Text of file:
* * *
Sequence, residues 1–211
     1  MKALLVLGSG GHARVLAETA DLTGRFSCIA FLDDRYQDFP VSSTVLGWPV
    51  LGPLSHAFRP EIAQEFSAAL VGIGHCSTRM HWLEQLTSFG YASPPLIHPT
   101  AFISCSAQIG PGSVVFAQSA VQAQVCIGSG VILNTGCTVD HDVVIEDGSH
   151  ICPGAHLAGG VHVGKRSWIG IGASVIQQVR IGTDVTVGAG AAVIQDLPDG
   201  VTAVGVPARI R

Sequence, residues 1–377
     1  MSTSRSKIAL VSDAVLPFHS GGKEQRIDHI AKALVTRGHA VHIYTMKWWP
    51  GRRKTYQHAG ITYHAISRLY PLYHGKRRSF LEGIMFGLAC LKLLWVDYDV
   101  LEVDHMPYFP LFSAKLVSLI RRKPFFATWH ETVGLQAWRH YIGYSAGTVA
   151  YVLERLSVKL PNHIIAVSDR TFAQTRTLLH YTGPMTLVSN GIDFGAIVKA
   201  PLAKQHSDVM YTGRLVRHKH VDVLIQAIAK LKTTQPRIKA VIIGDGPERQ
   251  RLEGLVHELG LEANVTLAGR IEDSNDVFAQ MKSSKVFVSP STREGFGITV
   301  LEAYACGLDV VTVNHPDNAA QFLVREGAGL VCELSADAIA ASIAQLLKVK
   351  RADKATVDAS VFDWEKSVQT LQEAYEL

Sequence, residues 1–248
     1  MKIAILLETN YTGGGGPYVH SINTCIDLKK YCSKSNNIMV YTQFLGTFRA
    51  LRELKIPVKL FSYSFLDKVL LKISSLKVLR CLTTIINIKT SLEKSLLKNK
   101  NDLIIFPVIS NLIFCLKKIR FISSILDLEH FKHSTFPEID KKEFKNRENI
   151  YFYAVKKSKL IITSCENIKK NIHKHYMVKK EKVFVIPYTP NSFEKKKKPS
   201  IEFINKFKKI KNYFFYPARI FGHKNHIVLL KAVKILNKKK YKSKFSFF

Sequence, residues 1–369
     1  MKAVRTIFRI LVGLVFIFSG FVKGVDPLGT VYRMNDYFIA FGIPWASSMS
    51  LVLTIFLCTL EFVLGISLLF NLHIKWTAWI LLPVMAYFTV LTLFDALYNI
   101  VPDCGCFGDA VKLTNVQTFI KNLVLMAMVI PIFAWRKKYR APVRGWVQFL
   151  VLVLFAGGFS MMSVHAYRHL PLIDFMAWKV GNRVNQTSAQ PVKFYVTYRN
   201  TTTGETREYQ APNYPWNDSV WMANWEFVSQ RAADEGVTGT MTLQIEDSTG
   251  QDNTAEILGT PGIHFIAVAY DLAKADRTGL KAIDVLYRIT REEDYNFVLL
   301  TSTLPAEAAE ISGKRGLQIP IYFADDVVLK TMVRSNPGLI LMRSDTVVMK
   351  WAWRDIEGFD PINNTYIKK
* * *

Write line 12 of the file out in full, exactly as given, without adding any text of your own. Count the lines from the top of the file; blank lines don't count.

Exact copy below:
   201  PLAKQHSDVM YTGRLVRHKH VDVLIQAIAK LKTTQPRIKA VIIGDGPERQ